‘Good’ does come from Statism. It is a matter of what good and for whom, and who bears the costs that offset it. Nothing justifies a Statist approach. I would much rather do without the outputs provided if they are to be coerced and forced no matter what they are. I live under the assumption that something equally as good would have resulted somewhere along the line if the force and rechanneling had never taken place. As an example in response to the original post, if Shostakovichhad been left to his own devices, and floundered, someone else of equal or greater talent would have emerged. Hypothetical, yes, but it is the basis for my justification in attacking Statist ‘Good’; something else was cancelled out and was never to be known.

  • Lemuel Kolkava

    Fantastic point, and not only because I was thinking about the same thing when I last listened to his Violin Concerto No 1. Shostakovich is my favourite composer. (Altough at this very moment I am listening to Piano Concerto No 3 by Prokofiev, another interesting figure worthy of attention)(Yes, my Slavic soul prefers Slavic composers)

    Every time I listen to his works, be it his string quartets, his concertos, his symphonies (No 7 and No 13 are my favourite), or whatever, it allways sends shivers down my spine. Beautiful and terrifying, aggressive and melancholic at the same time. Mere words can not describe it. I heartily recommned his music. To download go to http://www.karadar.com and click on CoCoA.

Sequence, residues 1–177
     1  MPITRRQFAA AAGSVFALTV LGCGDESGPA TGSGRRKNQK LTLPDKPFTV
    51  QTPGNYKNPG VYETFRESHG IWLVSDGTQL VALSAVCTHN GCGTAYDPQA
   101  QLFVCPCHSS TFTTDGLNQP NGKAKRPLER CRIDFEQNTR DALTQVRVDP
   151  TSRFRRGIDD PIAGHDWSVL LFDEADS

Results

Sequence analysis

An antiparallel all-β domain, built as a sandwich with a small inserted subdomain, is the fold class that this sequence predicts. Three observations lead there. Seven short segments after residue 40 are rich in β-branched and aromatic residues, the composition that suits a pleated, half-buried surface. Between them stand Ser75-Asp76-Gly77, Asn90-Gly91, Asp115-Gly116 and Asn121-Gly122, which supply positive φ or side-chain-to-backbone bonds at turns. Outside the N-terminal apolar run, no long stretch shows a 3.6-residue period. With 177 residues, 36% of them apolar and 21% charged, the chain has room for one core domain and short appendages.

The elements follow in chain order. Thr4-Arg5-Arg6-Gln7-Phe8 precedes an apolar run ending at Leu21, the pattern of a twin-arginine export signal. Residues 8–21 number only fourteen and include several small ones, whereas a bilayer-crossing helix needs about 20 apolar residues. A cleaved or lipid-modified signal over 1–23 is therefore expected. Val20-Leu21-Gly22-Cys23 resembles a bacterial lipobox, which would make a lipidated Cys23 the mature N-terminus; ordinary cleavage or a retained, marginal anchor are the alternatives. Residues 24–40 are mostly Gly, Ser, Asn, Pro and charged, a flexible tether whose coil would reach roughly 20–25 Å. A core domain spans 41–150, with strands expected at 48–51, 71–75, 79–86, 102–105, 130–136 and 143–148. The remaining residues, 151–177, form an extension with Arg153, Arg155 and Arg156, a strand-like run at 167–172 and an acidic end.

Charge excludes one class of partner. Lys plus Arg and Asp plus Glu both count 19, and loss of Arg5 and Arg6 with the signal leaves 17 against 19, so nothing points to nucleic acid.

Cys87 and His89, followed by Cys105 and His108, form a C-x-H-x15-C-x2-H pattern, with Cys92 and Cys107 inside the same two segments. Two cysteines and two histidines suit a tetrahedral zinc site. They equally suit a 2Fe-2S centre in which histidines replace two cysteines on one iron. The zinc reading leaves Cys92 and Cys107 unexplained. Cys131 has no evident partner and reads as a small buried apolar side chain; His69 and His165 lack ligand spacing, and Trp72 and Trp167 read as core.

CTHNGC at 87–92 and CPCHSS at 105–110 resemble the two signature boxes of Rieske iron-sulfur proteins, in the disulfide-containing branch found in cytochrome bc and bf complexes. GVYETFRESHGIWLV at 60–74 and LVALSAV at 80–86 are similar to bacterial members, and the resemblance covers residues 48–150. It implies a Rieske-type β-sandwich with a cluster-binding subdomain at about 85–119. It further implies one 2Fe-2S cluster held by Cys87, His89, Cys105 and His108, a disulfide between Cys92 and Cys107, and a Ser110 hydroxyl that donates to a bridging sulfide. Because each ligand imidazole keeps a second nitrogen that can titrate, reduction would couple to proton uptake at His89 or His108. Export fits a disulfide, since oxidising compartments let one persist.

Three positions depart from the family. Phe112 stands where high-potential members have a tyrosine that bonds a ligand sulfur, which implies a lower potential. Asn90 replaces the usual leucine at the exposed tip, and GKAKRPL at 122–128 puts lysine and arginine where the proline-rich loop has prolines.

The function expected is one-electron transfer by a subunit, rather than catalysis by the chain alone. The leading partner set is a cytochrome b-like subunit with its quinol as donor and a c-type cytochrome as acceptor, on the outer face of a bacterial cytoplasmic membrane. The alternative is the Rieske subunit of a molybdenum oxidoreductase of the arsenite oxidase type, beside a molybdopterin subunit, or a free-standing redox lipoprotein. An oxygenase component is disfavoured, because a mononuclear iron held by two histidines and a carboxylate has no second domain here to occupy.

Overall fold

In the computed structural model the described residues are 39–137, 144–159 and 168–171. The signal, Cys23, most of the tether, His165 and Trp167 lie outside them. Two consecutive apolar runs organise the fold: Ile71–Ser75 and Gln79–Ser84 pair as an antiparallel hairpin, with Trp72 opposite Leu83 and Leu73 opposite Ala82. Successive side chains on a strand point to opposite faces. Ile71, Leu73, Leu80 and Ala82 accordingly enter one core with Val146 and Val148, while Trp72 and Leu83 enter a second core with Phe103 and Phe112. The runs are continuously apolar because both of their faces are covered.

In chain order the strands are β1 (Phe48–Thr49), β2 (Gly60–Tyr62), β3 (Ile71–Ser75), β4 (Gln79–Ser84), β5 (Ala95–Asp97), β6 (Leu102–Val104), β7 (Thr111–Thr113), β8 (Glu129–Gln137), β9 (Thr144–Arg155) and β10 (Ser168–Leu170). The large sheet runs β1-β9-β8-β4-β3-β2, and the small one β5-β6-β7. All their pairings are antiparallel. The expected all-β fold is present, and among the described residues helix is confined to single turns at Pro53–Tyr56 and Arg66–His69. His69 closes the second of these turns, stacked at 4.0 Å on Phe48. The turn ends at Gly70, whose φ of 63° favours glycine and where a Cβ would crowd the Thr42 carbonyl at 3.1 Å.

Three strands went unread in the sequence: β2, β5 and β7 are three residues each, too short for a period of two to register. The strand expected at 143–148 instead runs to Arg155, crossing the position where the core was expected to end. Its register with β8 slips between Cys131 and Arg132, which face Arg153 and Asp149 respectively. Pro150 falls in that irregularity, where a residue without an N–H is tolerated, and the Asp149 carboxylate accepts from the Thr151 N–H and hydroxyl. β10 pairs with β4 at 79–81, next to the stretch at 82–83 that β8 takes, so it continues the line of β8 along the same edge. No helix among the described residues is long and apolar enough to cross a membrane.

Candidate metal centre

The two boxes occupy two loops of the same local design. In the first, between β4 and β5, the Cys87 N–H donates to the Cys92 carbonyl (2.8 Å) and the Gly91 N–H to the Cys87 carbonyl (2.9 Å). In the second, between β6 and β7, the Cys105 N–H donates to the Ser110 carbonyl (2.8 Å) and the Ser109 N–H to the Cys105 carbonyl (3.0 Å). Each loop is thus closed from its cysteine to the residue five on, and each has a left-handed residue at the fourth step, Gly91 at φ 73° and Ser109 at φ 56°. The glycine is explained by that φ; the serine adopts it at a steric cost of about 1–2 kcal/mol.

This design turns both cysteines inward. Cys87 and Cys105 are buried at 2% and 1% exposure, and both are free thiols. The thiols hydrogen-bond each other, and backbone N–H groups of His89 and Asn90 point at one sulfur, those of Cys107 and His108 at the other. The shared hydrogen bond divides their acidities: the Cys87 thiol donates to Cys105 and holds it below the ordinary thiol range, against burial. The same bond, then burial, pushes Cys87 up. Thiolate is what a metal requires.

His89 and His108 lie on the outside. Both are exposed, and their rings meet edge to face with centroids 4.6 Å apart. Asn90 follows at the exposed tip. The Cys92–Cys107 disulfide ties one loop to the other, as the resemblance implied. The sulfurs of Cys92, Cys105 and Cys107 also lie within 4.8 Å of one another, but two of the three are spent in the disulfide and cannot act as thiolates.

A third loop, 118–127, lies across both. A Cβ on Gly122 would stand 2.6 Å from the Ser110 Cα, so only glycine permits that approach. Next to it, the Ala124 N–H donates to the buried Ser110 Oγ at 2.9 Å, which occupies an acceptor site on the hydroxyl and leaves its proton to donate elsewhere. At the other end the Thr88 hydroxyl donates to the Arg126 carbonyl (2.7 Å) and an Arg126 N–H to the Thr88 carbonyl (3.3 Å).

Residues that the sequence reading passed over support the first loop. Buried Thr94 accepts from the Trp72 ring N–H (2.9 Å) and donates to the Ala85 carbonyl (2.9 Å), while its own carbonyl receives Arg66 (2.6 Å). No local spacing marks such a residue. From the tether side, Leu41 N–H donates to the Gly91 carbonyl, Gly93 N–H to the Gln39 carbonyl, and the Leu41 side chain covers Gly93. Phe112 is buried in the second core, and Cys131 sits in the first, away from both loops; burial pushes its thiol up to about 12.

Have you heard that Shostakovich had began planning his Seventh well before the war (WW2 of course)? It was meant to be a requiem for the suffering victims of totalitarianism in Russia. The famous first movement of the symphony with the march theme thus could have more than the one obvious Nazi agression interpretation. It is in fact much more ambiguous.

    Anyway.. Thanks for your brilliant post.


  • I’m not too sure what conclusion to draw from this, but I believe use has been made of the scientific results of Mengele’s experiments and so on. A friend of mine who studied biology was deeply shocked to see an attribution reference to some results in a textbook baldly stating, “Mengele 1944″. He said what shocked him most was not that Mengele’s figures should be used (though that did shock him somewhat) but that the attribution should be in the same format as any other. If there had been some acknowledgement of the different status of these results to those obtained without murder my friend would have found it less disturbing.

    Getting back to your post, I suppose it is such an acknowledgement.

  • You might find this Solomon Volkov article from today’s ALdaily of interest. Of course, Volkov himself a controversial figure due to Testimony (the memoirs of Shostakovich as narrated to Volkov), which has been completely exposed as a fraud.